When iPods hit the scene 10 years ago, the small, white ear buds that came with the devices became the symbol for listening to music on the go.
Today, that's changing.
More and more people are expressing themselves with pricey headphones, with some fashion-forward music lovers rocking updated versions of the oversized headsets popular in earlier eras.
Bose has been known for its larger headphones in recent years, and now celebrities have taken note and aided in the resurgence of the ear amplifiers. In 2008, Monster launched Beats by Dr. Dre with Dr. Dre, and it is the most recognizable of celebrity-branded headphones. Monster later released headphones with Lady Gaga, Justin Bieber, Diddy, Daft Punk, Nick Cannon and LeBron James.
In 2011, 50 Cent, Quincy Jones and Ludacris released their own line of headphones.
Dre, the Grammy-winning rap legend who has produced hits for Eminem, 2Pac, 50 Cent and Mary J. Blige, says he is offended when he sees people using generic headphones.
"It's almost like a knife in the heart," he said while promoting the headphones in 2010. "We're in the studio, at least me, for years at a time trying to work on music, tweaking it, trying to get the sound right, and for people to walk around and listen to the music on those cheap white headphones is ridiculous."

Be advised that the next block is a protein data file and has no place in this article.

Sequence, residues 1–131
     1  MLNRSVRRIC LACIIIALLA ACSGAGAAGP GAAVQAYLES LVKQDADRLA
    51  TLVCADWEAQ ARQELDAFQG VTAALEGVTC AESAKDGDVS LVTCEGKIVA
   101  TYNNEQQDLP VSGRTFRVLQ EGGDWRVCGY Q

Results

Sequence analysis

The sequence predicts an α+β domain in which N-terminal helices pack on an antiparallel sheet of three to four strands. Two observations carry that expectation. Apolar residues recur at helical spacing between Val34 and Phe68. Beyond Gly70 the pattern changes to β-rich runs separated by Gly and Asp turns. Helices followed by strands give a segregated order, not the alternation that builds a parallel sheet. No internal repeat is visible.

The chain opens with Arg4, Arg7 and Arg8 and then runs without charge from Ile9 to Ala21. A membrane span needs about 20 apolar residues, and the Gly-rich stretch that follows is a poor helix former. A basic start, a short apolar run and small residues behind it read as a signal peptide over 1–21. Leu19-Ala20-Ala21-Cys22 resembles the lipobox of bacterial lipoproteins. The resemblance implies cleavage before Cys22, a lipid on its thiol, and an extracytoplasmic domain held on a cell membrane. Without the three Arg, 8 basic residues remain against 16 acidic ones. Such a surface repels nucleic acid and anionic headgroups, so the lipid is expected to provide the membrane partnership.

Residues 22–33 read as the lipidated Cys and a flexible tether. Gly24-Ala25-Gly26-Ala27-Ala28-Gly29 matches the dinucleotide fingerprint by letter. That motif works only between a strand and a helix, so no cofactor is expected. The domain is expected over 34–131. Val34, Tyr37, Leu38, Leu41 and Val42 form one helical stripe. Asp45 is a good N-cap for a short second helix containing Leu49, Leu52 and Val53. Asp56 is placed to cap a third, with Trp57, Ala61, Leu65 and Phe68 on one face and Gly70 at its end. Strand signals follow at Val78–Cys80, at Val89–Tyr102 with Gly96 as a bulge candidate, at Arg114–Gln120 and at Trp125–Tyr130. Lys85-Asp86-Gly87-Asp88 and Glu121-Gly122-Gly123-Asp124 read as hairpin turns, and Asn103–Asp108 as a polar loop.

But some people may have a reason for not buying Beats by Dr. Dre. The cheapest set costs $100, and the most expensive pair is $500. And 50 Cent's Sync by 50 ranges from $130 to $400; the lowest price for Soul by Ludacris is $70; the highest is $300. (Partial sales from 50 Cent and Cannon's headphones go to charity.)
"You go out and spend three, four hundred dollars on an iPod, and then you go put your earphones in and your iPod sounds like (garbage)," said Jimmy Iovine, chairman of Interscope, A&M and Geffen Records and co-launcher of Beats by Dr. Dre. "This is about releasing the sound that's in the iPod."
Monster's CEO Noel Lee took it a step further: "Most people have never heard what their iPod sounds like."
Research shows that most MP3 listeners own multiple headphones, said Karim Noblecilla, director of product marketing for Sony's Personal Audio Accessories division.
Noblecilla says Sony has a range of headphones targeting specific demographics from surfers to 13-year-olds. Its newest series, the Balanced Armature, is billed as the "smallest and lightest in-ear digital noise canceling headphones in the market today." It ranges from $80 to $500.
Noblecilla says style and appearance have played a heavy role in headphone production in recent years.
Diddy said that was his contribution to his line, Diddybeats.
"Not only did we want to have the best sound, we wanted to have the best-looking ear bud, and we want it to come in flavors," he said when his line came out.